When creating an estate plan, California residents will need to appoint trusted people to various roles. One important role to consider is who to appoint as a financial power of attorney agent. However, this is not the only finance-related role that individuals need to fill when planning ahead.
While a financial POA agent can handle a number of financial-related matters, he or she cannot handle everything. In fact, if a person becomes incapacitated and needs someone to collect Social Security payments on his or her behalf, the POA agent does not automatically have the power to do that. The Social Security Administration does not recognize the power given to a POA agent and instead requires a separate designation to be made with the SSA.
Because Social Security payments are important to many people, forgetting to appoint a representative payee could be detrimental. Fortunately, if a person is already receiving payments or is in the process of claiming those payments, he or she can make an advance designation for a representative payee. Up to three people can be named to this role, but the SSA will have to review and determine whether the candidates suit the role.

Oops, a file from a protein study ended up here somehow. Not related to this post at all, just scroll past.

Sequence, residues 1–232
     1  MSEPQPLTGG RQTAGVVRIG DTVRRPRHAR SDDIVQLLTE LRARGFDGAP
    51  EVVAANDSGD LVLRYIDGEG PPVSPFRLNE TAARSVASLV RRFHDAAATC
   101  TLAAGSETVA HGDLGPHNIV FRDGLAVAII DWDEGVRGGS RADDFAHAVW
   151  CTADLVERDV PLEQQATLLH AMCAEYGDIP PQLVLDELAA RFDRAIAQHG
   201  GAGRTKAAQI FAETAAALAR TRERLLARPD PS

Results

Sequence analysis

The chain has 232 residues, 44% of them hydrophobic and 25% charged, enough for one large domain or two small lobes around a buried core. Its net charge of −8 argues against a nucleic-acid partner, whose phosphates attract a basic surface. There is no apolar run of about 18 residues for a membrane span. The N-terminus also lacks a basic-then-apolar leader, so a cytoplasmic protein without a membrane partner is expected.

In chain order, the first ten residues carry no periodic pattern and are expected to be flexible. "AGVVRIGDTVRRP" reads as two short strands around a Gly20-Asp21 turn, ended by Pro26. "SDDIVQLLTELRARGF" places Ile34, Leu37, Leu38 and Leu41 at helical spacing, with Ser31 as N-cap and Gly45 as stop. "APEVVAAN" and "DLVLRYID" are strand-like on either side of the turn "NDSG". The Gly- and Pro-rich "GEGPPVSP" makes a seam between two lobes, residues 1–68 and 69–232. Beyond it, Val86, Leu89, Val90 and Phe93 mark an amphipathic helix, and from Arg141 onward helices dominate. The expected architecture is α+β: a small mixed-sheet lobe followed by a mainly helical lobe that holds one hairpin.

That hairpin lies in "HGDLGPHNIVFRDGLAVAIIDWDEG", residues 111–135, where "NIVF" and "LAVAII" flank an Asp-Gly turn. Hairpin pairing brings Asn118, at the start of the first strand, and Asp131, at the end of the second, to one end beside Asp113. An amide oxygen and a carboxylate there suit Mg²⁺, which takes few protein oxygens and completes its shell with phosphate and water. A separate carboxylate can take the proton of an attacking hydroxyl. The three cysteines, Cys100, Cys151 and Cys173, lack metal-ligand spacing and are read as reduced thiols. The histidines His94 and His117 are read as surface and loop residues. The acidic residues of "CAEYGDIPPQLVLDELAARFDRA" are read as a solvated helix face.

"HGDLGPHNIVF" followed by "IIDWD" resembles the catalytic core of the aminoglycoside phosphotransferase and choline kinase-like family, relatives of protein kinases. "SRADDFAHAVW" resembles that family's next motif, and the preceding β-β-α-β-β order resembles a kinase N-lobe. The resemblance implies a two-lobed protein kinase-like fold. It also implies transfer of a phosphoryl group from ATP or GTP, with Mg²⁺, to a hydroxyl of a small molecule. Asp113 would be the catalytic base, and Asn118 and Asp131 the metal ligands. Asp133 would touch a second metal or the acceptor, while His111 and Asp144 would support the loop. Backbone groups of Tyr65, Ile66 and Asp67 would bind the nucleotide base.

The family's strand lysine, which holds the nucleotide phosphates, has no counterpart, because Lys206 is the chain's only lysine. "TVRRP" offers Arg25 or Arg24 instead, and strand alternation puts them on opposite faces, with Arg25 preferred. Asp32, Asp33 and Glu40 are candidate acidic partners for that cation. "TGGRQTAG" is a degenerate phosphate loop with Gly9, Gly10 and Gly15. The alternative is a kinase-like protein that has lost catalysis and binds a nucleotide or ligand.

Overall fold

It is certainly important to include a power of attorney agent in an estate plan, but it is just as important to cover areas where the agent may not specifically have the power to act. If California residents have concerns about ensuring that they make the correct appointments, they may wish to reach out to experienced attorneys for advice. These legal professionals can explain how and when POA agents can act and when other designations may be needed.